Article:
Plan ahead:

It will be much easier to handle a mental health emergency where there are appropriate plans and policies in place. However, the guidance is clear that the priority must be sharing the information as necessary and so there will be cases where the employer needs to act without consulting a policy.

That said, we recommend that employers have internal policies and processes for information sharing in an emergency. The ICO state that employer must:

  • Identify a lawful basis to share information (such as vital interests, legitimate interest and/or legal obligation),
  • Identify a special category condition (such as vital interests and employment, social security and social protection law),
  • Let its workers know that it may share their information in a health emergency, including a mental health emergency,
  • Ensure that your workers are aware of any policy you have for sharing personal information in a health emergency, and that it is available to them, and 
  • Provide this information to your existing workers as soon as possible, and to new workers within one month of obtaining their information.

In addition, there are additional steps that employers should also take. A basic but crucial point is to ensure that employees’ next of kin/emergency contacts are up to date and reviewed regularly. An employer could even go one step further and have different emergency contacts in different scenarios (although note this is not required and may be overly burdensome for businesses with a high number of employees).

An important first step is to develop a policy on sharing personal information in a mental health emergency. Specifically, the policy should cover the type of information you may need to share, who you may need to share it with and how you will share it securely. The policy should be easily accessible and well-publicised either on the intranet or staff handbook.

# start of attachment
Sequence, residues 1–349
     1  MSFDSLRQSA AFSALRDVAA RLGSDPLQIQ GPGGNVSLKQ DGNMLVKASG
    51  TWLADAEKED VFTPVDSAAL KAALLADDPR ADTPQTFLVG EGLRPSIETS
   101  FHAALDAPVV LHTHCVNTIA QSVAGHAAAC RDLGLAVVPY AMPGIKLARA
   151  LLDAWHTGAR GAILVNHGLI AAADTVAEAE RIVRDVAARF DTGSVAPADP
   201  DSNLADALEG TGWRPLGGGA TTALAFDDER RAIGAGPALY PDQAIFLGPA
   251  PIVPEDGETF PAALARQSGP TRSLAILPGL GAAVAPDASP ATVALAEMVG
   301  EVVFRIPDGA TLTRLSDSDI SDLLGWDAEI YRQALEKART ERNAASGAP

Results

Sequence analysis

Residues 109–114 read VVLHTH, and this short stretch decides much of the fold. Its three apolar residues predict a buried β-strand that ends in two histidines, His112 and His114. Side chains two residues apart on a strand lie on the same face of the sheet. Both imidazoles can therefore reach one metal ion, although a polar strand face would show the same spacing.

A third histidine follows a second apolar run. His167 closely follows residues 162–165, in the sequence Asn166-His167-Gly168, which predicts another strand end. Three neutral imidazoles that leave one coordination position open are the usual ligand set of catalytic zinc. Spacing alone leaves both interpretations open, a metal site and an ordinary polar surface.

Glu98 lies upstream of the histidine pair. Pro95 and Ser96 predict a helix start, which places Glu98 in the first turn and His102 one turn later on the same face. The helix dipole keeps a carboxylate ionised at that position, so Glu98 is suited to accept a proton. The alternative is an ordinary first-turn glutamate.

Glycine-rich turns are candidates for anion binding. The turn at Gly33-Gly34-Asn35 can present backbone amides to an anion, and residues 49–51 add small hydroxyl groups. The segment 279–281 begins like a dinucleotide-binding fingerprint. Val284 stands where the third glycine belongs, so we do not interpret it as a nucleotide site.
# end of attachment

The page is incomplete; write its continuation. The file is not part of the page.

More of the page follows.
Once a policy is in place, the next step is to train staff on how to handle personal information in a mental health crisis. It may be best for an employer to select certain individuals who will respond in an emergency. If an employer has mental health first aiders, it makes sense for them to be trained in sharing information as well in light of the fact they are most likely to be the ones assisting in a mental health emergency.

Conclusion:

The headline point from the guidance is that data protection law should not be a barrier to sharing information in a mental health emergency. While employers will need to use their judgement and discretion in each case, it is completely acceptable to share information where necessary to prevent serious harm.

An employer will also be far more prepared for a mental health emergency where they have appropriate policies and procedures in place. This includes training individuals in mental health first aid and on what information they are able to share with the emergency services and/or next of kin.

This publication is a general summary of the law. It should not replace legal advice tailored to your specific circumstances.

© Farrer & Co LLP, April 2024


About the authors


RGB

Tom Cleeve

Associate

Tom is a specialist employment lawyer, advising senior individuals and organisations on contentious and non-contentious matters, with particular experience of acting for clients within the professional services, financial services and sport sectors.

Tom is a specialist employment lawyer, advising senior individuals and organisations on contentious and non-contentious matters, with particular experience of acting for clients within the professional services, financial services and sport sectors.



Tom’s profile page


Email Tom


+44 (0)20 3375 7833



Source link

Leave a Reply

Your email address will not be published. Required fields are marked *

SUBSCRIBE TO OUR NEWSLETTER

Get our latest downloads and information first.
Complete the form below to subscribe to our weekly newsletter.


100% secure your website.